Page 13 - Islam In Focus

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that falls for short of the forcefulness of the original Book of God. For these reasons,
no quotation marks will be inserted in any strict fashion in what appears here as
4. The true Muslim believes in the angels of God. They are purely spiritual and
splendid beings whose nature requires no food or drink or sleep. They have no
physical desires of any kind nor material needs. They spend their days and nights in
the service of God. There are many of them, and each one is charged with a certain
duty. If we cannot see the angels with our naked eyes, it does not necessarily deny
their actual existence. There are many things in the world that are invisible to the eye
or inaccessible to the senses, and yet we do believe in their existence. There are places
we have never seen and things like gas and ether that we could not see with our naked
eyes, smell or touch or taste or hear; yet we do acknowledge their existence. Belief in
the angels originates from the Islamic principle that knowledge and truth are not
entirely confined to the sensory knowledge or sensory perception alone (16:49-50;
21:19-20. See also the references in article two above).
5. The true Muslim believes in the Last Day of Judgement. This world will come to
an end some day, and the dead will rise to stand for their final and fair trial.
Everything we do in this world, every intention we have, every move we make, every
thought we entertain, and every word we say, all are counted and kept in accurate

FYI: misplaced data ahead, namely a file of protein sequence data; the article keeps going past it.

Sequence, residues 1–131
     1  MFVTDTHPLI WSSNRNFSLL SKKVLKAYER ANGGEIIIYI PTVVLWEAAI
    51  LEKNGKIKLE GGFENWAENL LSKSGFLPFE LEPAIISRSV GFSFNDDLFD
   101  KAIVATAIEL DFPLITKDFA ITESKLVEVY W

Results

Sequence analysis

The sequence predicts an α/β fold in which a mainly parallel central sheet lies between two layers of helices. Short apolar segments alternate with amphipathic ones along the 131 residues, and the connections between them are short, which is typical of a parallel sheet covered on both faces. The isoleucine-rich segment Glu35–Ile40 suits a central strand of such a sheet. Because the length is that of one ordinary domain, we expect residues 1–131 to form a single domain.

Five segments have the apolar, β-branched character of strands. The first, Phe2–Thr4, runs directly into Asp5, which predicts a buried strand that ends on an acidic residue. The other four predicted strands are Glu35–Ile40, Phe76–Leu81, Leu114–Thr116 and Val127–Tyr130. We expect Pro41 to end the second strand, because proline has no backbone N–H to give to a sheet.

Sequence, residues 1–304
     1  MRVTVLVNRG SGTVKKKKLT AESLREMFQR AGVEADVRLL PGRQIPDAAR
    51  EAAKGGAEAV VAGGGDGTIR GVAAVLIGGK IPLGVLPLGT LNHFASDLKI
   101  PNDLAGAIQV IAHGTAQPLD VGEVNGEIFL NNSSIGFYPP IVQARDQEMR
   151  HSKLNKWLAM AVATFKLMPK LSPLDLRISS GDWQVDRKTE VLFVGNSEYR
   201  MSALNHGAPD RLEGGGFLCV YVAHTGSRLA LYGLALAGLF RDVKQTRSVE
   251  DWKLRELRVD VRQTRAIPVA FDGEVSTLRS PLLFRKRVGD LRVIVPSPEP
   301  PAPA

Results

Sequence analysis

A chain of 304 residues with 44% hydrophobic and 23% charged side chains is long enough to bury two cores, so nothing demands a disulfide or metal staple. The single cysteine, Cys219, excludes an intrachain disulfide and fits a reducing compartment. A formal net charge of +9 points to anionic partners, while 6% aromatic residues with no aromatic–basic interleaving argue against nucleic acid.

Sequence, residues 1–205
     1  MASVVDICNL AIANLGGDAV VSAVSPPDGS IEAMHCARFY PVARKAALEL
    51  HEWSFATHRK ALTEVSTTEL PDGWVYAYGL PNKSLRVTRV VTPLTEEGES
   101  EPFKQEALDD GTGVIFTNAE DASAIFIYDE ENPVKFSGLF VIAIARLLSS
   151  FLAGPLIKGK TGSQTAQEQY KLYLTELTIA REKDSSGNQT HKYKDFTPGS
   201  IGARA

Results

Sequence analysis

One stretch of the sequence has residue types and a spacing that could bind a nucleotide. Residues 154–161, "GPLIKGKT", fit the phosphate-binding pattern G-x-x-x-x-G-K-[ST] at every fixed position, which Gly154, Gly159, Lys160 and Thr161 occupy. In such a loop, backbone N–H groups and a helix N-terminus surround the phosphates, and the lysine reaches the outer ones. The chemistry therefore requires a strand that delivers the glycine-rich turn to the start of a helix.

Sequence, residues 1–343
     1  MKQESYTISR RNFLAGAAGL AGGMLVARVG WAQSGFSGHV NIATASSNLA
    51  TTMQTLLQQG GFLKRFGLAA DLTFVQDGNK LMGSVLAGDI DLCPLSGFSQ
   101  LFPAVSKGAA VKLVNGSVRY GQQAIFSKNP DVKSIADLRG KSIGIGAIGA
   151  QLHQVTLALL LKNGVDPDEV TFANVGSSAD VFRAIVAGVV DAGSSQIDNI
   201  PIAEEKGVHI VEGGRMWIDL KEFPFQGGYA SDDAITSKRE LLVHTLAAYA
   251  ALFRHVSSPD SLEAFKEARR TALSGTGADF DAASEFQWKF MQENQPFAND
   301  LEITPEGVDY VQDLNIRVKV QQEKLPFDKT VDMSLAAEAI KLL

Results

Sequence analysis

records. On the Day of Judgement they will be brought up. People with good records
will be generously rewarded and warmly welcomed to the Heaven of God, and those
with bad records will be punished and cast into Hell. The real nature of Heaven and
Hell and the exact description of them are known to God only. There are descriptions
of Heaven and Hell in the Qur’ an and the Traditions of Muhammad but they should
not be taken literally. In Heaven, said Muhammad, there are things which no eye has
ever seen, no ear has ever heard, and no mind has ever conceived. However, the
Muslim believes that there definitely will be compensation and reward for the good
deeds, and punishment for the evil ones. That is the Day of Justice and final
settlement of all accounts.
If some people think that they are shrewd enough and can get away with their wrong
doings, just as they sometimes escape the penalty of the mundane laws, they are
wrong; they will not be able to do so on the Day of Judgement. They will be caught
right on the spot defenceless, without any lawyer or counsel to stand in their behalf.
All their deeds are visible to God and counted by His agents. Also, if some pious
people do good deeds to please God and seem to get no appreciation or
acknowledgement in this temporary world, they will eventually receive full
compensation and be widely acknowledged on That Day. Absolute Justice will be
done to all.
Belief in the Day of Judgement is the final relieving answer to many complicated
problems of our world. There are people who commit sins, neglect God and indulge in
immoral activities, yet they seem to be “ superficially” successful in business and
prosperous in life. And there are virtuous and God-minded people, yet they seem to be
getting less rewards for their sincere efforts and more suffering in the present world.
This is puzzling and incompatible with the Justice of God. If the guilty people can
escape the mundane law unharmed and, in addition, be more prosperous, what is,
then, left for the virtuous people? What will promote the cause of morality and